Understanding Replication Across the Sciences
Western Interdisciplinary Research Building
1151 Richmond Street North
London N6A 5B7
- Social Sciences and Humanities Research Council of Canada
- Department of Philosophy, Western University
- Faculty of Arts and Humanities, Western University
- Faculty of Social Sciences, Western University
- Faculty of Science, Western University
- Rotman Institute of Philosophy, Western University
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Currently, there is a widespread perception that scientific activity is in the middle of a (so-called) ‘reproducibility’ or ‘replication crisis’. Many important findings published in leading scientific journals have turned out to be difficult or impossible to replicate. The ongoing controversy surrounding the reproducibility of scientific activity threatens to undermine the authority of science. The extent and severity of the ‘replication crisis’ are being continuously evaluated. It seems, however, that these discussions, rather than revealing the existence of a fatal flaw at the heart of modern scientific activity, show that our general understanding of the complexities surrounding the replication and reproducibility of experimental findings and experimental procedures is rather limited. The very concept of and the methodological strategies for experimental replication have in fact received little analysis.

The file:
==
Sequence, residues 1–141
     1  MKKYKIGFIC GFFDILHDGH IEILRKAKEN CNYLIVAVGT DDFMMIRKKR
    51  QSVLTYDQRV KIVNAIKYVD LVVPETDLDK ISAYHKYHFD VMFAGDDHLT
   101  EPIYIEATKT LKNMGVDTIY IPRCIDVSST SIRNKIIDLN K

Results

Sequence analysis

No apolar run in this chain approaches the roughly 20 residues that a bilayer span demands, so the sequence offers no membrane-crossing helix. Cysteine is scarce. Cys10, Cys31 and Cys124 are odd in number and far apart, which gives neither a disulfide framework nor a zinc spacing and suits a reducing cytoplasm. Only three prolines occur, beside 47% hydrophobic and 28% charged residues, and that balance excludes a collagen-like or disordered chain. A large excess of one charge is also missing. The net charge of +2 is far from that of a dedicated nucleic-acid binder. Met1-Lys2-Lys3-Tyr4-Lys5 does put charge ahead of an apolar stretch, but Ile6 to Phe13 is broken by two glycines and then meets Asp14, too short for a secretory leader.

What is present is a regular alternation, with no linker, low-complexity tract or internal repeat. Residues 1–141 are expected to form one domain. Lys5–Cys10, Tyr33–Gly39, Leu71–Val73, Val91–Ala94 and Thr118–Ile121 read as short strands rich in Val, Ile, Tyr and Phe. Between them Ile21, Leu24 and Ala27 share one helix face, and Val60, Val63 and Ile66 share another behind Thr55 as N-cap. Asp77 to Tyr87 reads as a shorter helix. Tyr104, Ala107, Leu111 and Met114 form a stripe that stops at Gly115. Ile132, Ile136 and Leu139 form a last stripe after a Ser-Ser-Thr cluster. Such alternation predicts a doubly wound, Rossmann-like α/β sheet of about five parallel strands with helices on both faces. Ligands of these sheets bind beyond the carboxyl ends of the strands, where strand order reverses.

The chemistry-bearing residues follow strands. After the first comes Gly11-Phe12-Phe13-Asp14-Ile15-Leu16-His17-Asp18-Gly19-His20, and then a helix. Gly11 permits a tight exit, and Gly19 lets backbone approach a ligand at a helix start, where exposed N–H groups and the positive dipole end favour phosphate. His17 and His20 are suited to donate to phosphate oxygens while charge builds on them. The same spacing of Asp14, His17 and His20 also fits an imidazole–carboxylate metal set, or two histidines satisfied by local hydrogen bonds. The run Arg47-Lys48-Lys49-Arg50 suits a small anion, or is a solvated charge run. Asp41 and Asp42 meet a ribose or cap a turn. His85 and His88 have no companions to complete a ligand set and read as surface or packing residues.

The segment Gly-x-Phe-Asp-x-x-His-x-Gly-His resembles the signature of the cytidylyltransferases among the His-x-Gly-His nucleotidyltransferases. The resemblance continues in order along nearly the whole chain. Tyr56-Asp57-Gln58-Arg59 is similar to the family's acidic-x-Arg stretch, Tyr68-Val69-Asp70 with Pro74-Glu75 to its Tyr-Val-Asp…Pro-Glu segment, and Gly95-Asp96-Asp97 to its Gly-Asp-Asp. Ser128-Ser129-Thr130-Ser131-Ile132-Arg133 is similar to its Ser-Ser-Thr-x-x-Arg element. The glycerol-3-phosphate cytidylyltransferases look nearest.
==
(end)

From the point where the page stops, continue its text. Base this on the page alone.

This interdisciplinary conference will bring together philosophers and scientists to reflect on the current controversy surrounding the replication of scientific research. The overall goal will be to understand in more detail the nature of experimental replication, and to address the failure to replicate in scientific activity. More specifically, the conference will address the following questions: What does it mean to replicate an experimental procedure? What does it mean to replicate an experimental result? What are the criteria for a successful replication? What are the reasons for replicating an experiment? What is the epistemic importance of replication? How does replication compare with other methodological strategies that scientists use to confirm and validate their experimental procedures and results? How do the answers to these questions differ across disciplines? How have the answers to these questions changed through time?
October 5, 2018, 7:00pm EST
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